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Nonlinear Systems and Control — Spring 2016

and constrained input

−1 ≤ u(t) ≤ 1 ∀t ≥ 0.

Now
H(x, u, λ) = 1 + λ1 x2 + λ2 u.
We notice that ∂H
∂u
= λ2 , i.e. ∂H
∂u
does not depend on u and thus the extremum
is to be reached at the boundaries, i.e. u∗ (t) = ±1, ∀t ≥ 0. Using

u∗ = arg min H(u) = arg min λ2 (t)u(t)


u u

we see that
u∗ (t) = −sign(λ2 (t)).
Figure 8.4 depicts the result of deploying this control. Note that the control
law is discontinuous. Further, we observe that the system now needs less
time to reach the origin than in the previous ”Minimal Energy” example.
Of course, this ”success” is obtained at the cost of deploying more actuator
energy.

8.4 Sufficient Conditions for Optimality


The simplest sufficient condition for optimality is of course to establish
uniqueness of the solution that appears solving the first order necessary con-
dition. In applications it is often the case that this is possible by using
application specific knowledge.
A more generic and well understood sufficient condition follows directly
from the standard constrained optimization result and is can be stated as
follows.

Theorem 8.12 (Sufficiency Conditions I) Let us assume that (x∗ , λ∗ , u∗ )


fulfill the conditions in Theorem 8.5. Then, the condition

∂ 2H ∗ ∗ ∗
(x , u , λ ) > 0
∂u2
is sufficient for the optimality of u∗ .

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Nonlinear Systems and Control — Spring 2016

Figure 8.4: Trajectories for Minimal Time Case. Arrival time T ≈ 13.

Proof: The results is proved by contradiction (i.e assuming that u∗ might


not be a local optimizer) and using the expression

∂ 2H ∗ ∗ ∗
H(x∗ , u, λ∗ ) ≈ H(x∗ , u∗ , λ∗ ) + (u − u∗ ) (x , u , λ )(u − u∗ )
∂u2
≥ H(x∗ , u∗ , λ∗ )

and is a well known results from constrained optimization.

Further, useful results can be obtained using the concept of convexity.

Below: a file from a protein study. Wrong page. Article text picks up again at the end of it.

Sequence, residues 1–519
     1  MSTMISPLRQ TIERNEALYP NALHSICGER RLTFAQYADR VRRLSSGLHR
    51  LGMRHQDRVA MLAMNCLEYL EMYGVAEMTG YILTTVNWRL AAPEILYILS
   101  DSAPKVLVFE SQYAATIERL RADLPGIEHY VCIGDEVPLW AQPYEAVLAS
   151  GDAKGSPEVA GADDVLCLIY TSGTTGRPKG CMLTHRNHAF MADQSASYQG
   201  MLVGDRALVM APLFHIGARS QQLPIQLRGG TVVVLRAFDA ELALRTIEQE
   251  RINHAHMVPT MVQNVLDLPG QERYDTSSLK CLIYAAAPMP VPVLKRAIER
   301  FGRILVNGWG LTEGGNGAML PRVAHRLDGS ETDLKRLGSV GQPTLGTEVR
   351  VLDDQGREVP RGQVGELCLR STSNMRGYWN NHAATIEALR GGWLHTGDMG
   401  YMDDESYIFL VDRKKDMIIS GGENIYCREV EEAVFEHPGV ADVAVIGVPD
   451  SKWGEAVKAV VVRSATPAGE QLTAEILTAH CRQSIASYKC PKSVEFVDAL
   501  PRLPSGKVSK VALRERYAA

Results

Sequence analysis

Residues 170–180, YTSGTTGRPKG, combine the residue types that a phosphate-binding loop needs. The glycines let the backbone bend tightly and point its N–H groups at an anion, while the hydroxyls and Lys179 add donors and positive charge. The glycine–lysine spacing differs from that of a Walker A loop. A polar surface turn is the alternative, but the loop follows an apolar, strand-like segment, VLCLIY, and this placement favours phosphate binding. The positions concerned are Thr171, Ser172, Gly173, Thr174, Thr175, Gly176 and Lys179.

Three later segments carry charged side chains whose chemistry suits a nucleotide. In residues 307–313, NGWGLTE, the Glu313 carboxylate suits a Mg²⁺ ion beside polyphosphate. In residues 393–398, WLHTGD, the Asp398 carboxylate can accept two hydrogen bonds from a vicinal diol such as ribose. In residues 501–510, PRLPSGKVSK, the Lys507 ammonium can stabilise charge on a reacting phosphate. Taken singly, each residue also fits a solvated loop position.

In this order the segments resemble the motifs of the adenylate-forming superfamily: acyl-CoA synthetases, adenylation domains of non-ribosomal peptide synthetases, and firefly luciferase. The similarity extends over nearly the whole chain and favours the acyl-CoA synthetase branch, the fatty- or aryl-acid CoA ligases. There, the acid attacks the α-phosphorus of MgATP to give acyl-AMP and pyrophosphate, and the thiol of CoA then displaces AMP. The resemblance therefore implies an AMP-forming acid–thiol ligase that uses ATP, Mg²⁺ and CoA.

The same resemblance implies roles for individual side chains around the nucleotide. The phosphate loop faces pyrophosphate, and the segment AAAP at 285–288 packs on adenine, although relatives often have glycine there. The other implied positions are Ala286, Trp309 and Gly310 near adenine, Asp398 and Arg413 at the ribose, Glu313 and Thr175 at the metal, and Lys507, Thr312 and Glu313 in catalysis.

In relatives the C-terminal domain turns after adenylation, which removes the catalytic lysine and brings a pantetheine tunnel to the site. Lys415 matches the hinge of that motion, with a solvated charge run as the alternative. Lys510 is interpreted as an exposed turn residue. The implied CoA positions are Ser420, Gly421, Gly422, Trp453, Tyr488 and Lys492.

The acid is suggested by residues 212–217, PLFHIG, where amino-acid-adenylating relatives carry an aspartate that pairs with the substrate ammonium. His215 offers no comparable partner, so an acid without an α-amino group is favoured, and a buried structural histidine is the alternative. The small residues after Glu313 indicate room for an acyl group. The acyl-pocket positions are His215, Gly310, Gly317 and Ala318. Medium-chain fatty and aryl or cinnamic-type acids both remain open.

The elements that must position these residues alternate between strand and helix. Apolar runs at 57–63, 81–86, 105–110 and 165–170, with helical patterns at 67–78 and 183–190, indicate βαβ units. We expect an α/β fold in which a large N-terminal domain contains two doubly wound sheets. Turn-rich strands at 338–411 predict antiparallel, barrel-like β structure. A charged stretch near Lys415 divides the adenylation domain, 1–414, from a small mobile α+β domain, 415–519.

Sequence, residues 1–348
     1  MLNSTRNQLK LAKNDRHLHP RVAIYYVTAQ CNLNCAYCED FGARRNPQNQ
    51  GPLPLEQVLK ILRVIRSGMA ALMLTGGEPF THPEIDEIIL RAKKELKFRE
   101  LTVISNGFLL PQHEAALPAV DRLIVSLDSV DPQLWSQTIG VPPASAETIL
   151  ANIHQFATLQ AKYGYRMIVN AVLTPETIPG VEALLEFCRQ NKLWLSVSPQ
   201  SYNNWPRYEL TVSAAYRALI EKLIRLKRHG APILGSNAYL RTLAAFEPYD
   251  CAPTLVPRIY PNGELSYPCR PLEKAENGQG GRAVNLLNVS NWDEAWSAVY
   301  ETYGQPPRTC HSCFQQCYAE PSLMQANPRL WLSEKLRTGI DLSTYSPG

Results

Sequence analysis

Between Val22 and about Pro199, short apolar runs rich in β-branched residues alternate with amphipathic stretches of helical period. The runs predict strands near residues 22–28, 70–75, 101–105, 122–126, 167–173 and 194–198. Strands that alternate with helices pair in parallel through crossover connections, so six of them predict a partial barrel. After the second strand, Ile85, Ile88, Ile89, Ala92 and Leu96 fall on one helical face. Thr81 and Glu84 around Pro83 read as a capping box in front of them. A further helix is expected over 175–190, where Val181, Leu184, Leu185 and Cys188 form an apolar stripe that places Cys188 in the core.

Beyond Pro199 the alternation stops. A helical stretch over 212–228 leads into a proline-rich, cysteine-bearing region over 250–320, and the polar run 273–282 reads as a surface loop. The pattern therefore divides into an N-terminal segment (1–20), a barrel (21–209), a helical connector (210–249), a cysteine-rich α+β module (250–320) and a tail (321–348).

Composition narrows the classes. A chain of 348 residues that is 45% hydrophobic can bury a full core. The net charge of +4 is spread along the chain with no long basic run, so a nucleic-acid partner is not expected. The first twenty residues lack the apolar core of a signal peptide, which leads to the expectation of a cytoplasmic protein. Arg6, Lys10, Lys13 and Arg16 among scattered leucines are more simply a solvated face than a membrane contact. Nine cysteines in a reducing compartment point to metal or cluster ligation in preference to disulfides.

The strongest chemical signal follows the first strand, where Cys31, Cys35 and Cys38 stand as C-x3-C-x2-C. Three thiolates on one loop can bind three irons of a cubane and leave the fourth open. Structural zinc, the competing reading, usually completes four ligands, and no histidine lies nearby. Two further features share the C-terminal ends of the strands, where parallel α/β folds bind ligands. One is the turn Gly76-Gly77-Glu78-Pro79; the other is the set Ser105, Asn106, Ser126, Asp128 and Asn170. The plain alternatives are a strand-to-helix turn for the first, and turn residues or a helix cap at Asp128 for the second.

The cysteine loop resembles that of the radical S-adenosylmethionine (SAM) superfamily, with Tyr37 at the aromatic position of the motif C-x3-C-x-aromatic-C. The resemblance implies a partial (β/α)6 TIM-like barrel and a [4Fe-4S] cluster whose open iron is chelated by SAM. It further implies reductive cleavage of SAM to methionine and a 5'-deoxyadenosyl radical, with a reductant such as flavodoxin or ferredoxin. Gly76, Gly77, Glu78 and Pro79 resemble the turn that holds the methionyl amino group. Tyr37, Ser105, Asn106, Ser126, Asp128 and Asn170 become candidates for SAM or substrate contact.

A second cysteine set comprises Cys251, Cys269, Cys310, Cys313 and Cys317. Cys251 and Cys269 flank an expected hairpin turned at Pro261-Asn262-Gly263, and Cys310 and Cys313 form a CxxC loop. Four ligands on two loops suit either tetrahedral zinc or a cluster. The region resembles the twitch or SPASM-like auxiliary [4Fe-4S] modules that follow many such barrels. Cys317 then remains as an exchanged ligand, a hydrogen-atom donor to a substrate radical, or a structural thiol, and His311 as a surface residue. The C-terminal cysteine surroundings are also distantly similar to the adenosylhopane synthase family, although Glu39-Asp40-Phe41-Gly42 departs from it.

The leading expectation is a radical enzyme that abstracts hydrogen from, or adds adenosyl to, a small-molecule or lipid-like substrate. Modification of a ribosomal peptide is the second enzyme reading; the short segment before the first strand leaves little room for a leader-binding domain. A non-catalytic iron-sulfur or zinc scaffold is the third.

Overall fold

Definition 8.13 A function f : Rn → R is called convex when it fulfills the


following property: for any given x and x∗ we have

f ((1 − t)x + tx∗ ) ≤ f (x)(1 − t) + tf (x∗ ), t ∈ [0, 1].

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Nonlinear Systems and Control — Spring 2016

A smooth convex function f fulfills the following condition



∗ ∂f 
f (x) ≥ f (x ) + (x − x∗ ), ∀x, x∗ ∈ Rn .
∂x x=x∗
Before stating the first result we also note the following fact for the Hamil-
tonian H = H(x, u, λ).
dH ∂H ∂H ∂u
= + .
dx ∂x ∂u ∂x
if u∗ is an optimal control policy candidate, then ∂H ∂u
= 0 and we establish
that
dH ∂H
(x, u∗ , λ) = (x, u∗ , λ).
dx ∂x

Theorem 8.14 (Sufficiency Conditions II) Let u*(t), and the correspond-
ing x∗ (t) and λ∗ (t) satisfy the minimum principle necessary condition for all
t ∈ [0, T ]. Then, u∗ is an optimal control if H(x, u∗ , λ) is convex in x and
φ(x) is convex in x.
Proof: We want to prove that

J(x0 , u) − J(x0 , u∗ ) ≥ 0,

where x satisfies Equation (8.1). Now u∗ = arg min H and the convexity of
H give us

H(x, u, λ) ≥ H(x, u∗ , λ)

∗ ∗ ∂H 
≥ H(x , u , λ) + (x − x∗ )
∂x x∗ ,u∗ ,λ

Or equivalently

L(x, u) + λf (x, u) ≥ L(x∗ , u∗ ) + λf (x∗ , u∗ ) − λ̇(x − x∗ )

Or

L(x, u) − (x∗ , u∗ ) ≥ −λf (x, u) + λf (x∗ , u∗ ) − λ̇(x − x∗ )


= −λ[(ẋ − ẋ∗ ) − λ̇(x − x∗ )
d
= [−λ(x − x∗ )]
dt
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Nonlinear Systems and Control — Spring 2016

Integrating, and using both the transversality condition and the fact that all
trajectories have the same initial condition x = x0 , we observe that
 T
[L(x, u) − L(x∗ , u∗ , λ)]dt = −λ(T )(x(T ) − x∗ (T )) + λ(0))(x∗ (0) − x(0))
0 
∂φ 
= − (x − x∗ )
∂x x∗

Then, since φ is convex, we know that


∂φ
φ(x) − φ(x∗ ) ≥ |x=x∗ (x − x∗ )
∂x
This implies
∂φ
− |x=x∗ (x − x∗ ) = −φ(x) + φ(x∗ ) + α, α ≥ 0.
∂x
We now recall that
 T
J[x0 , u(·)] = φ(x(T )) + L(x(t), u(t))dt.
0

Thus, after simple manipulations we obtain

J(x0 , u) − J(x, u∗ ) = α ≥ 0,

which proves the optimality of u∗ .

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